Comments

  1. Trebuchet says

    If it makes you feel any better, this stuff happens everywhere. You just notice it more when it’s close to home. Here in the Puget Sound regions, we had both Ted Bundy and the Green River Killer — two of the more prolific serial killers in history. And a few years ago the police chief in Tacoma murdered his wife and committed suicide suicide — in front of their children. The investigation was somewhat hampered because the deputy chief, now acting chief, was also the woman with whom he’d been having an affair.

    I’m sure anyone from pretty much any urban area in the country can quickly come up with similar stories.

  2. left0ver1under says

    The only thing that Cleveland as a whole must apologize for is the “rock and roll hall of fame”, which is anything but.

  3. left0ver1under says

    I’m from BC where we had Clifford Robert Olson (serial killer and child molester) and Robert Pickton (serial killer, rapist, cannibal), plus some others (e.g. one targeted tourists with campers).

    http://www.cbc.ca/news/canada/british-columbia/many-serial-killers-call-west-coast-home-1.977504

    Washington’s four main channels (KIRO, KING, KOMO, KCTS) were always broadcast across the border. The Green River Killer was first active in the early 1980s when I was a teen, around the same time as Olson. Ridgway’s story was in the news for more than a decade, and people always wondered why he went silent or slowed down, or if he crossed the border into BC. The explanation after his capture and conviction filled in a lot of blanks.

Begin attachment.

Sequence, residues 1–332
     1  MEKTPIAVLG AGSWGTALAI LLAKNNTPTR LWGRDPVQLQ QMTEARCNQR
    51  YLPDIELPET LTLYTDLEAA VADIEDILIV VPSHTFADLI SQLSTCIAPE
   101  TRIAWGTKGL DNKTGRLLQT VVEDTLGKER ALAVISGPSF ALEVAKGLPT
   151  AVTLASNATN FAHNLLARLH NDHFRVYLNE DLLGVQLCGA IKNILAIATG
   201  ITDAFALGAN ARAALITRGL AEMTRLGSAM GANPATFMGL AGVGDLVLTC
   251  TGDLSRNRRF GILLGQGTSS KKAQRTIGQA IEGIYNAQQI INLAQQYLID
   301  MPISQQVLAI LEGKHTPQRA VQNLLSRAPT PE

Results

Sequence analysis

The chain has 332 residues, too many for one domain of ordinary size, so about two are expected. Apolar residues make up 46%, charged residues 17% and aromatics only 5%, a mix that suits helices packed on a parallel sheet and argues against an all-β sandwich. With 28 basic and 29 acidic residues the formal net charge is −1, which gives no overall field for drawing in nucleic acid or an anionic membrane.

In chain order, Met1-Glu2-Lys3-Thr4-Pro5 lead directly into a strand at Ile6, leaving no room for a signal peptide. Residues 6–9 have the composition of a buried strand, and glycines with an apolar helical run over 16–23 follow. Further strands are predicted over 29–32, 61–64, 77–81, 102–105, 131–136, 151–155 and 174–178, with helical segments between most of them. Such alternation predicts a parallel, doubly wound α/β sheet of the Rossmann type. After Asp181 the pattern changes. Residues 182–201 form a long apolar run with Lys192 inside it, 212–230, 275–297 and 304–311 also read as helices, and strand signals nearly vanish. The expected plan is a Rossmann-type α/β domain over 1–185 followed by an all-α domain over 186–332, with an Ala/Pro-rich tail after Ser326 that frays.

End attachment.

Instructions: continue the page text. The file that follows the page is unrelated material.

4. colnago80 says

    Of course, in the DC area, we had the snipers who killed a number of people in the area. And, of course, my home town had the Night Stalker, Richard Ramirez, who is still on death row over 20 years after his conviction and the Hillside Stranglers, Kenneth Bianchi and Angelo Buono. Not to forget the Red Light Bandit, Caryl Chessman who didn’t kill anybody but was sentence to capital punishment after being convicted under California’s Little Lindbergh act.

  5. Reginald Selkirk says

    You need to come up with a middle name for Robert Pickton. The rule is: serial killers get three names.

  6. left0ver1under says

    That’s only one of the rules. Serial killers can have two-and-two syllable names: Pickton, Ridgway, Jeffrey Dahmer.

  7. Trebuchet says

    The DC snipers had gone from this Washington (Tacoma) to the other one. And Bianchi was caught in Bellingham. It’s pretty much all over.

  8. flex says

    And in our area we have Detroit.

    ’nuff said.

    In reality, however, I look at all this as generally a good thing. In the sense, that is, that rocks are being lifted and the disgusting creatures living underneath are being exposed. (Although that metaphor needs some work as there are a lot of really interesting things which live under rocks, hidden from the light. (Although, as Dicken’s wrote, “… the wisdom of our ancestors is in the simile; and my unhallowed hands shall not disturb it, or the Country’s done for.”))

    We are not Hercules, and we have no rivers Alpheus and Peneus to divert into the Augean Stables of our society, but I am hopeful that the slow trickle provided by the internet will not only help expose the shit but also encourage a multitude of hands to clear it.